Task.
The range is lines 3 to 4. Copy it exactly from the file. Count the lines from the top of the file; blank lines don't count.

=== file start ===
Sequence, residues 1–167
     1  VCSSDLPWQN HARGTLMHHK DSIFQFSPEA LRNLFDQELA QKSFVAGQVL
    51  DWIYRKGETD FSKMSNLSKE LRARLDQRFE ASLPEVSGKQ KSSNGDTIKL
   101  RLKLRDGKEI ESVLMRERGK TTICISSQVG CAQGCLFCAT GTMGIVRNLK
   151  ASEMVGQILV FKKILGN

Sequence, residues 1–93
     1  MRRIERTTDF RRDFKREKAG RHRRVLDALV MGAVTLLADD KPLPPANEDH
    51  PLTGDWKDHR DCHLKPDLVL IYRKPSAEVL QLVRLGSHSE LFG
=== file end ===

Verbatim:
    51  DWIYRKGETD FSKMSNLSKE LRARLDQRFE ASLPEVSGKQ KSSNGDTIKL
   101  RLKLRDGKEI ESVLMRERGK TTICISSQVG CAQGCLFCAT GTMGIVRNLK